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in reply to Re: Working with old code
in thread Working with old code

I wouldn’t hesitate and rewrite the stuff

Though it might feel more enjoyable, do you have a sound reason to believe you'll do a better job than the original author/s? Are you smarter? Do you have more time? Do you understand the business better? Have the business constraints changed?

Some cautionary advice on the perils of rewriting from scratch:

Netscape 6.0 is finally going into its first public beta. There never was a version 5.0. The last major release, version 4.0, was released almost three years ago. Three years is an awfully long time in the Internet world. During this time, Netscape sat by, helplessly, as their market share plummeted. It's a bit smarmy of me to criticize them for waiting so long between releases. They didn't do it on purpose, now, did they? Well, yes. They did. They did it by making the single worst strategic mistake that any software company can make: They decided to rewrite the code from scratch.

It's important to remember that when you start from scratch there is absolutely no reason to believe that you are going to do a better job than you did the first time. First of all, you probably don't even have the same programming team that worked on version one, so you don't actually have "more experience". You're just going to make most of the old mistakes again, and introduce some new problems that weren't in the original version.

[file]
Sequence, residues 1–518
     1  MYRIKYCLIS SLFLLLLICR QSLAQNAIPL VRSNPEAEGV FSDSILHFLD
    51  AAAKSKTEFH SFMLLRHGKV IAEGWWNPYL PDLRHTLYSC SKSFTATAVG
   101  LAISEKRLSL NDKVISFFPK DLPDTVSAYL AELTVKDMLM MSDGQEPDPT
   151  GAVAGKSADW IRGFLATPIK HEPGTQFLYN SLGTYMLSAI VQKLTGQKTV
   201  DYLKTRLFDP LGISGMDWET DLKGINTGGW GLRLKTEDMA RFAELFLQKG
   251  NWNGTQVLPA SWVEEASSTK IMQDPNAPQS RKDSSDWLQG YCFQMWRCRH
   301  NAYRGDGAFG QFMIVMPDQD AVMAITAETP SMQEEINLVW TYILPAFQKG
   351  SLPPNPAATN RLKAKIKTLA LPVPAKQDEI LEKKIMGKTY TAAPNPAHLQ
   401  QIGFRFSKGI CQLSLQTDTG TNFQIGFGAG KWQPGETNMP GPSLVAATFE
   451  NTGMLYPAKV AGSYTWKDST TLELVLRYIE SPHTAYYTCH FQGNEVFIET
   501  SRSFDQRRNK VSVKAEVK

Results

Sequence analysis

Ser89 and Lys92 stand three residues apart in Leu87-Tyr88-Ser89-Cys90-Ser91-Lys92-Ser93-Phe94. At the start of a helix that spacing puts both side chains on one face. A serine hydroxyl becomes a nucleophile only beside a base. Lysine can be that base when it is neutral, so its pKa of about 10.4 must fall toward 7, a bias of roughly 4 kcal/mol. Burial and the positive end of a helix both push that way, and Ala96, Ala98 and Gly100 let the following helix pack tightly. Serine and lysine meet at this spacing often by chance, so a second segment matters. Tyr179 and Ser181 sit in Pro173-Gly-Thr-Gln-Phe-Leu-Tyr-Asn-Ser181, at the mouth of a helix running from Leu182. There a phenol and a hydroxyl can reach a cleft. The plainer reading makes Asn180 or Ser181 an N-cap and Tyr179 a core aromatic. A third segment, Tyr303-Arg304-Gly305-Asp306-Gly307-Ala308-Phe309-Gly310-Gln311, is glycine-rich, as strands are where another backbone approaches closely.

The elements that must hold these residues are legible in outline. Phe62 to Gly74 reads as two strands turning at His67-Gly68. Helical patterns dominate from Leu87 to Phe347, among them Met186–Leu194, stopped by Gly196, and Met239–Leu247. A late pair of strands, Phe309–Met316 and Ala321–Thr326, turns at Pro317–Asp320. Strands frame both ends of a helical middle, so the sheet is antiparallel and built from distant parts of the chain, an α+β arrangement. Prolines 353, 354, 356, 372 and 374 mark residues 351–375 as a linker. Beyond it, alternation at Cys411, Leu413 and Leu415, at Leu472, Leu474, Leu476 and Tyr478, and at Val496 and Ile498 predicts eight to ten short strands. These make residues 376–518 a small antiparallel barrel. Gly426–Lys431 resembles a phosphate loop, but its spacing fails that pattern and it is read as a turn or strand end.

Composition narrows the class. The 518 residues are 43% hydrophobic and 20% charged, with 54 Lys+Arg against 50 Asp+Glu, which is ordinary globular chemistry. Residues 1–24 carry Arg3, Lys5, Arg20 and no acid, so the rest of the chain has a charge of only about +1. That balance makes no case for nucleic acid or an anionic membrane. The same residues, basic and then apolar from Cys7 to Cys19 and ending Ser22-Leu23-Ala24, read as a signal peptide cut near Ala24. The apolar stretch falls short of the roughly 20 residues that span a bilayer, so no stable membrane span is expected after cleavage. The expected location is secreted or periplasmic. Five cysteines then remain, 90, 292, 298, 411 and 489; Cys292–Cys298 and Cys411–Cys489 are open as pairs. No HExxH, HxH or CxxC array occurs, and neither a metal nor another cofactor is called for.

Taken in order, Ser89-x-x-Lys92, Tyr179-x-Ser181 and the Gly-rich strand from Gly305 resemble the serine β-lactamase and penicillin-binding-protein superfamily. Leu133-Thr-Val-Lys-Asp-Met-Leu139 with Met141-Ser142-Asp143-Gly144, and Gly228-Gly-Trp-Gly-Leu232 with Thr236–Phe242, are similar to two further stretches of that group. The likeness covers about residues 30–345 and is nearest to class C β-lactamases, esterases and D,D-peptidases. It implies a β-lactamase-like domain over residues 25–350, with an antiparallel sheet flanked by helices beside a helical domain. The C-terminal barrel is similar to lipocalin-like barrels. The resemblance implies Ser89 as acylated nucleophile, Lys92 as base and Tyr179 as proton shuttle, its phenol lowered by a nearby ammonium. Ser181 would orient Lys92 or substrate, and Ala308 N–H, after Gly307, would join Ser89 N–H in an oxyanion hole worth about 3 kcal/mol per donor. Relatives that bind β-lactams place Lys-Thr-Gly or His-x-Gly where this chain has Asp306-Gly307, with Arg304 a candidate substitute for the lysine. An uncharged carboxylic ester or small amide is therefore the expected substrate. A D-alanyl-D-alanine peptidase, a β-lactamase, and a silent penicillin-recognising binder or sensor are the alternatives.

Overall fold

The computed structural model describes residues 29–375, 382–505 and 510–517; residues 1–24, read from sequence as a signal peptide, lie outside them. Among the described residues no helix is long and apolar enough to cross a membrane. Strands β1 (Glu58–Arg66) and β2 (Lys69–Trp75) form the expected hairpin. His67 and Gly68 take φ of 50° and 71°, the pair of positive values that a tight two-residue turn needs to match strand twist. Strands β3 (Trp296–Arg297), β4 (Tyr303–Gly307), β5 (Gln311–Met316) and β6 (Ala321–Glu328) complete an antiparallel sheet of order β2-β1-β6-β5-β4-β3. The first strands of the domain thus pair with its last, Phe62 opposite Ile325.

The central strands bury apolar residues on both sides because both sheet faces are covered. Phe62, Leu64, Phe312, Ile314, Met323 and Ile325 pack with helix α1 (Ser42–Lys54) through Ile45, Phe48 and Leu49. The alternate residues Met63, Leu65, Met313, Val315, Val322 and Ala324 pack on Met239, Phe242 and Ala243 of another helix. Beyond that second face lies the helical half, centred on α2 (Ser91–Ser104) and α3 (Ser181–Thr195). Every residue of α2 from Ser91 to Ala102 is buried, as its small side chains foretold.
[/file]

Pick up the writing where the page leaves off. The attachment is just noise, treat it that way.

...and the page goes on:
-- Joel Spolsky on not Rewriting

Now the two teams are in a race. The tiger team must build a new system that does everything that the old system does. Not only that, they have to keep up with the changes that are continuously being made to the old system. Management will not replace the old system until the new system can do everything that the old system does. This race can go on for a very long time. I've seen it take 10 years. And by the time it's done, the original members of the tiger team are long gone, and the current members are demanding that the new system be redesigned because it's such a mess.

-- Robert C Martin in Clean Code (p.5)

More detail on this topic can be found at: Nobody Expects the Agile Imposition (Part VI): Architecture